Documenting the last days of Victoria’s old Johnson Street Bridge

The Blue Bridge, Victoria, 2014 (14-minute exposure)

The Blue Bridge, Victoria, 2014 (14-minute exposure)

Last week, I returned to photograph one of my favourite urban subjects: Victoria’s Johnson Street Bridge.

Since the decision was made in 2009 to replace the iconic, 92-year-old “Blue Bridge,” I’ve wandered around its vicinity on both sides of the Inner Harbour, camera in hand. In 2010, I cycled its slippery steel-grid deck on my “bike-dolly,” producing a video to illustrate the dangers facing cyclists on the existing span and approaches (see below).

Completed in January 1924 at a cost of $918,000, the bascule-type bridge has a 45 m (148 ft) opening section raised by a 780 tonne hollow concrete counterweight. A separate rail span, dismantled in the first phase of the replacement project, in 2012, operated independently.

Despite extensive repairs in 1979, including the application of blue-pigmented paint, chosen for its resistance to corrosion, this old bridge was deemed by engineers too rusty to repair.

Not all citizens were convinced by the engineering report that weighed the costs of repair versus replacement. Their arguments, broadcast by website and magazine, did not significantly affect the result of a 2010 referendum, when over sixty-percent of voters approved the request for funding a new bridge.

To the apparent satisfaction of the naysayers, the original request for $77 million has ballooned to nearly $100 million in total. Beset by contractor delays and substandard Chinese steel, the completion date has been pushed from late 2015 to 2018.

Engineer and poet Joseph Strauss, designer of the old bridge, later went on to design San Francisco’s Golden Gate Bridge, itself the subject of intense opposition (though it was completed ahead of schedule and under budget).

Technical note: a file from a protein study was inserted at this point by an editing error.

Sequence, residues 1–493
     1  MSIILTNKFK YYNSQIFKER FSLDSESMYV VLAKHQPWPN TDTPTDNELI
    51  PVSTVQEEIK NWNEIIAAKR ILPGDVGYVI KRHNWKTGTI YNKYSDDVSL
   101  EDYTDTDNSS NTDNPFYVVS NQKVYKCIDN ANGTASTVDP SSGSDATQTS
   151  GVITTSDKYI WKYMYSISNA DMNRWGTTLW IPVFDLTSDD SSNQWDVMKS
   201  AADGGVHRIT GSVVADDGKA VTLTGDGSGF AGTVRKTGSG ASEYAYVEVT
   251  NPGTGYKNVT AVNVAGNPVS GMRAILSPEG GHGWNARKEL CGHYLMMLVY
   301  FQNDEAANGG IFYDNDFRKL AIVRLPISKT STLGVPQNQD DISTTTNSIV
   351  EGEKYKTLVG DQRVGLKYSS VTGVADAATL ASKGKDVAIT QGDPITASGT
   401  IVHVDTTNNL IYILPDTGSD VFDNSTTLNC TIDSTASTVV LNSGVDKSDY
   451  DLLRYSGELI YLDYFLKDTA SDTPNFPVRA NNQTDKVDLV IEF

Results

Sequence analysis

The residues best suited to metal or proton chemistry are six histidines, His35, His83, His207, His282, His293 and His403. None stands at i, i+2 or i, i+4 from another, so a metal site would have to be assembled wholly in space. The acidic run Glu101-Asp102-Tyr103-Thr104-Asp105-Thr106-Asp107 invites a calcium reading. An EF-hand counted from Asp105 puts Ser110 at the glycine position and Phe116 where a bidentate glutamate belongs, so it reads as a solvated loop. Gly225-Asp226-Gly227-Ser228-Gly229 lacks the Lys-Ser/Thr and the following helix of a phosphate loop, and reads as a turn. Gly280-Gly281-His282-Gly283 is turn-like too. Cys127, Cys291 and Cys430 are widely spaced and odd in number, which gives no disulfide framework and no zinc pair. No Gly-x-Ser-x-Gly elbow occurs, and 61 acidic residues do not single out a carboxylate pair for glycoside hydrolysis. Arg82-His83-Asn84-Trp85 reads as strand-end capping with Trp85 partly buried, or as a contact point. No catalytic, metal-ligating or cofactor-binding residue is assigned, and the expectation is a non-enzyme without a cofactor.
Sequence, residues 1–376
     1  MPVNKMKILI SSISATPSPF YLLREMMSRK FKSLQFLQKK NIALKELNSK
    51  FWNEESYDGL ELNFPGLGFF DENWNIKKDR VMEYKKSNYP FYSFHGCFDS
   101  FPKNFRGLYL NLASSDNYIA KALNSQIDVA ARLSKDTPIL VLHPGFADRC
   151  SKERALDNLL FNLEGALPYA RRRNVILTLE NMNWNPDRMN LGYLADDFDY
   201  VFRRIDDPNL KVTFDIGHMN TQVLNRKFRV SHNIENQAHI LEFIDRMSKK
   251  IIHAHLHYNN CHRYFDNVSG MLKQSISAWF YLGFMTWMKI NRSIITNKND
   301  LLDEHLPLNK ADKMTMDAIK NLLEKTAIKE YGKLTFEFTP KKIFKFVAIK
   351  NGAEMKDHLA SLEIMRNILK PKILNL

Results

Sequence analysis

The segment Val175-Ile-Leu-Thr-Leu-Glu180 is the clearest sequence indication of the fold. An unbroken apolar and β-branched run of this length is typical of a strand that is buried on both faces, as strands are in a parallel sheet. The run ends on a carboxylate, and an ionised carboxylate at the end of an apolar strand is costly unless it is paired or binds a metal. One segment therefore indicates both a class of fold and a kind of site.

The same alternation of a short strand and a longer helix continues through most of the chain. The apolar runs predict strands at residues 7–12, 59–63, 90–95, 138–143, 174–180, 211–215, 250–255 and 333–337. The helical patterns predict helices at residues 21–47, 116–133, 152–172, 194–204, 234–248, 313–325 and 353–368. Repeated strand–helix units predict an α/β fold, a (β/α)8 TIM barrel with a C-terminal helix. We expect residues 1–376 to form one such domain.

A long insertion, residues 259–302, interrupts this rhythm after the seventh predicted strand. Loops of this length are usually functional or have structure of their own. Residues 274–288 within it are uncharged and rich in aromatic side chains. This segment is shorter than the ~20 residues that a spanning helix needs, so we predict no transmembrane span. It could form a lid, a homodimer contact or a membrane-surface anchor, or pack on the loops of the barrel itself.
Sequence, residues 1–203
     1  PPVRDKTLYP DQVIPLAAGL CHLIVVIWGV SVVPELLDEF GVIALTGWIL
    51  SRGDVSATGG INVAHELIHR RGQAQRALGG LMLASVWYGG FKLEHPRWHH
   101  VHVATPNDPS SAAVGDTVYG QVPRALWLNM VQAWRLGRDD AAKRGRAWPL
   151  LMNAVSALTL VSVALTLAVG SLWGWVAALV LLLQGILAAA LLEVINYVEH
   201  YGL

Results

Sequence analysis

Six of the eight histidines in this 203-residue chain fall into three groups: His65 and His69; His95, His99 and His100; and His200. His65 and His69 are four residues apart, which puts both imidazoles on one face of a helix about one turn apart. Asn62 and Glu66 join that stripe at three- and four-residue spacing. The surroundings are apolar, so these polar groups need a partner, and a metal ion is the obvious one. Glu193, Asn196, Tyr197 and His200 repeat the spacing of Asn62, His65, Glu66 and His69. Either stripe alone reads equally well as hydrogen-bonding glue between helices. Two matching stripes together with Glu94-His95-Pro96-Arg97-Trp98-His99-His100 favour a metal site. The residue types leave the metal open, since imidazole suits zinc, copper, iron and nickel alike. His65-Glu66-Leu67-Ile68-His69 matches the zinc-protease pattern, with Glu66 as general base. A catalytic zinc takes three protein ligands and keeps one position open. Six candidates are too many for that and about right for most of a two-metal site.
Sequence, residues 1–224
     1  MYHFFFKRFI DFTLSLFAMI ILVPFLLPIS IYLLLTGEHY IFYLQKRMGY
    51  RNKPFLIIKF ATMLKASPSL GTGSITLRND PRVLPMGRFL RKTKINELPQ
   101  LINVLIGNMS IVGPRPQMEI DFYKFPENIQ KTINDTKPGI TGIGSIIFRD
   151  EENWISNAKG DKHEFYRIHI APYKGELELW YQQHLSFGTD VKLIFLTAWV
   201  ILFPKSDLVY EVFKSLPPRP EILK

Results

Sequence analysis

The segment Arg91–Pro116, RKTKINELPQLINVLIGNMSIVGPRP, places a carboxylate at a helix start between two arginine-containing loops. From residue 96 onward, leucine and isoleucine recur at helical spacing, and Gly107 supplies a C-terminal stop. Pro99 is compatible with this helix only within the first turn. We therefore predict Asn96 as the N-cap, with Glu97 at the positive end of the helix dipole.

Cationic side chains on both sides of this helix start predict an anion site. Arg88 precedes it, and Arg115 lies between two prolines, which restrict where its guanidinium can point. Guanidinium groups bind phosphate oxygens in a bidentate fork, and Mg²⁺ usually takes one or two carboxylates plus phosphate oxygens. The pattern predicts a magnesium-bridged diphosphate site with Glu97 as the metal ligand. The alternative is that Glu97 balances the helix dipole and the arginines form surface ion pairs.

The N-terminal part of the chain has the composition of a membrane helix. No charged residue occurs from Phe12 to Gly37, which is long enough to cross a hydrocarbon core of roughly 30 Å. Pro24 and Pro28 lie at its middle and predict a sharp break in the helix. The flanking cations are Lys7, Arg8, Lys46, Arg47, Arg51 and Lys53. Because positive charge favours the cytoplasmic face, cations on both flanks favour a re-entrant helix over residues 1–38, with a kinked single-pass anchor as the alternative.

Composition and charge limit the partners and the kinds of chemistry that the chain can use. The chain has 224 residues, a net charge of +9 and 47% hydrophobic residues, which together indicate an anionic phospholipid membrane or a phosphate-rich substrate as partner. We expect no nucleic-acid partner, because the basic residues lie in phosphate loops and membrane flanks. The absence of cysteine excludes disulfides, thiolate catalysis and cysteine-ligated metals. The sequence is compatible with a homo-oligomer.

Last week, I dragged myself away from a dreary spring-cleaning project to traipse Victoria’s downtown streets. Conditions were perfect : beautiful early March light and a sky enlivened by scudding storm clouds.

I wandered along the east bank of the harbour, below Wharf Street, intending to reprise the long-exposure technique I used on the west side, two-years-ago (see above). After all, the resulting photo was one of the most popular (i.e. lucrative) at my recent show.

Iron Horse (The Johnson Street Bridge, Victoria, 2016)

Iron Horse (The Johnson Street Bridge, Victoria, 2016)

During a 17-minute exposure on the Nikon D-800 (using 16-stops of neutral density), I made a few 1X1-ratio snapshots with the iPhone 6S, for use on Instagram and maybe the Phone Photo gallery. Back in the studio, however, I was more taken with preliminary exposure tests than the resulting long-exposure images. Influenced by the Instagram photo, I cropped the DSLR image to (nearly) match.

Without the counterweight, and structure for that matter, of the rail bascule to confuse the view (it can be seen in the video above) the remaining concrete weight stands isolated against the sky, looking for all the world like a massive horse’s head — it even has “ears” and beady eyes — attached to the Meccano monster’s body.

The DSLR version also benefits from the inclusion of a walking couple, positioned directly below the imagined beast’s maw — about, perhaps, to be sacrificed to my science-fiction fantasy.

Despite my support for replacement, I’m going to miss the old Blue Bridge, rust and all. Mind you, going on delays, it looks like there may be plenty of opportunities to continue my project.

Prints and greeting cards of these views are available for sale (sans watermark) through my Sales Gallery.

Raymond Parker
  • July 1, 2016 - 9:34 pm

    Marina - I would love to purchase a print of both photos of you took of the blue bridge. It is beautiful and will be missed.
    I hope this is okay to askReplyCancel

    • July 1, 2016 - 9:45 pm

      Raymond Parker - No problem at all, Marina. You can purchase through the store (landscape gallery) or, if you are in Victoria, save shipping costs by contacting me via Contact form in navigation menu above. Thank you for your interest in my work.

      ReplyCancel

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